by Kate Mendez
8th April 2020
I want to share with you something that I have found very helpful in these recent days and weeks, and that is the concept of ‘letting go’. Letting Go is a mindfulness tool which I learnt about when taking part in one of Eastgate’s connect groups – Christian Mindfulness. Mindfulness has become a bit of a buzz word in today’s culture and has taken on some ‘New Age’ connotations but this connect group was an opportunity to discover how being still and mindful of God’s presence in each passing moment is deeply embedded in Jesus’ teachings.
I have found practicing mindfulness techniques to be so helpful in these times of uncertainty. As the social distancing guidelines changed and became stricter, my idea of what this spring and summer was going to look like has had to adapt on a daily basis. There were some simple but important events that had to be cancelled, such as my oldest son finally having his fixed braces removed or the Mother’s Day treat my sister and I had planned for our mum months ago. As family we have also had to face larger challenges. My husband was awaiting some important medical investigations which have been postponed and, as I write this, my youngest child is quite unwell with suspected COVID-19.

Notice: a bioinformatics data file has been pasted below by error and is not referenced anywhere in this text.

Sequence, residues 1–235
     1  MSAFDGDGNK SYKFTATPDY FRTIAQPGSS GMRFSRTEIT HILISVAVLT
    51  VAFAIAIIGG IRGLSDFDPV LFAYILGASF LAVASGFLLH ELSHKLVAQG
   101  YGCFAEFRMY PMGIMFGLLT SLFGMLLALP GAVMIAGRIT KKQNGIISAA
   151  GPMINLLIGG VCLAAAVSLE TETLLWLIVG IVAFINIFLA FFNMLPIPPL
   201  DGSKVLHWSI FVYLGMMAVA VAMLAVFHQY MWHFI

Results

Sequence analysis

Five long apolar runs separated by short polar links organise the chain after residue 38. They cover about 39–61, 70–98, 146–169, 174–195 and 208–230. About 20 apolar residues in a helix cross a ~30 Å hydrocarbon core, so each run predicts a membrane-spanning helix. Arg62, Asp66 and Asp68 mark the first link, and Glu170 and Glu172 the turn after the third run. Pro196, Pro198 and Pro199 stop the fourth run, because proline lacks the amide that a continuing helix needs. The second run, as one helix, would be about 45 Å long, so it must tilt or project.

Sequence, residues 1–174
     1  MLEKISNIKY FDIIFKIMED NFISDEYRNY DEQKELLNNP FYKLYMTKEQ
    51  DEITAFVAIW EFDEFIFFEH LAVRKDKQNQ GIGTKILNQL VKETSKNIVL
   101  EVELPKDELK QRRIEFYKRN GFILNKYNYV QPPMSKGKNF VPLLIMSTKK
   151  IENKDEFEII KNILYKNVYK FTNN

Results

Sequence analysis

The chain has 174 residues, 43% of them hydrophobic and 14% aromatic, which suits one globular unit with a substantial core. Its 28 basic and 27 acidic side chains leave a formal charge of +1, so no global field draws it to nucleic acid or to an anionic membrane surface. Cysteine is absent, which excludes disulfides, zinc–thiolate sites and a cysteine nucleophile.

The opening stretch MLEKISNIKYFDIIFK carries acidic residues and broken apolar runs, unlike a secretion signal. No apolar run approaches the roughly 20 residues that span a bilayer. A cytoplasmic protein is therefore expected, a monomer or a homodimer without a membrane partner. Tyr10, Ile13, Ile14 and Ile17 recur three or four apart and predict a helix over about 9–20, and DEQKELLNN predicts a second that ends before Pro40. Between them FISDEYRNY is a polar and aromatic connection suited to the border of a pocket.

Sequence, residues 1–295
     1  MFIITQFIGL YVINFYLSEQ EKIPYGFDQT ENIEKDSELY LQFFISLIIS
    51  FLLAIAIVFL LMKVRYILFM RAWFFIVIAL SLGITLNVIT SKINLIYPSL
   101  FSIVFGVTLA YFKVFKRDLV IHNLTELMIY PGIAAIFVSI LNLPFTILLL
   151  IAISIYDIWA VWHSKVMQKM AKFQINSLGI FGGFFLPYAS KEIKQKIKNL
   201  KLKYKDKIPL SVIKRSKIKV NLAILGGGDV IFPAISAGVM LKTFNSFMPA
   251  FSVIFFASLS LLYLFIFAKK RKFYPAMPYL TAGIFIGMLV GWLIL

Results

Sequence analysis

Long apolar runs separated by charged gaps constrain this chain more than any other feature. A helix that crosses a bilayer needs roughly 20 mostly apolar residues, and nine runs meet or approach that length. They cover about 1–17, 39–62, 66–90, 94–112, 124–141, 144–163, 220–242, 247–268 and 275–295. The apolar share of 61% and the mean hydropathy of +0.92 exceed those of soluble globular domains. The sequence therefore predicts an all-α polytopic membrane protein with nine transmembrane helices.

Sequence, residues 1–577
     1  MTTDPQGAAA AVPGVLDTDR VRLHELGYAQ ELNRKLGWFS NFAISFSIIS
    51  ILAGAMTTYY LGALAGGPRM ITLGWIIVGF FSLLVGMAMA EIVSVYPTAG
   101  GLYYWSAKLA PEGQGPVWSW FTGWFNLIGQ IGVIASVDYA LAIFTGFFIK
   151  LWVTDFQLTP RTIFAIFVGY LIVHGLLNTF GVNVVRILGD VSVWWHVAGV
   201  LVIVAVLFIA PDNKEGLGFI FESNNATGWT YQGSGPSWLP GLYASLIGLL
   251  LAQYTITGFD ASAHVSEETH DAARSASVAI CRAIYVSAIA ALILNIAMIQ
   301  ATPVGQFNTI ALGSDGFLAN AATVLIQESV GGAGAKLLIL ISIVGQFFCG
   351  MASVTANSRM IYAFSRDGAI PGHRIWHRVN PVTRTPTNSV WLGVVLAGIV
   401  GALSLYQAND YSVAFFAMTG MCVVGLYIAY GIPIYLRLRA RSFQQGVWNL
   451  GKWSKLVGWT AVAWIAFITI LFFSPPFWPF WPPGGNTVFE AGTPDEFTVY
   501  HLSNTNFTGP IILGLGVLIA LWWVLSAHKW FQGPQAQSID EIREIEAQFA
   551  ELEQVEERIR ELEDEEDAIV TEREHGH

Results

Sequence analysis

In all these situations, I have had to practice letting go of the feelings of anxiety, worry, disappointment and frustration these circumstances have generated. ‘Letting go’ is an approach that involves being intentional about releasing ourselves from clinging onto unhelpful feelings and allowing things to be as they are. I have had to let go and accept that events may not come to pass in the way that I hoped or imagined I would.
A helpful metaphor which highlights the importance of letting go is the Monkey Trap concept. This idea comes from a traditional Indian method of catching monkeys. You take a hollow coconut shell which is tethered to a tree and cut a hole in the other end, just the right size for a monkey’s paw. Tasty food is placed inside the coconut. To get the food, the monkey has to reach his hand in through the hole, but the problem for the monkey is that the hole is too small for him to remove his hand whilst holding onto the food. There is nothing stopping or restraining the monkey from escaping – all he has to do is to let go of the food or he will remain trapped.
It is very tempting for us to cling fiercely on to our feelings of disappointment, fear, anger and worry. Clinging might give a sense of control but it is a false sense of control because without letting go, we can never be free. Jesus knows this and asks us to lay down our cares and come to HIM, saying “Come to me, all who labour and are heavy laden, and I will give you rest. Take my yoke upon you, and learn from me, for I am gentle and lowly in heart, and you will find rest for your souls. For my yoke is easy, and my burden is light” (Matthew 11 v 28-30).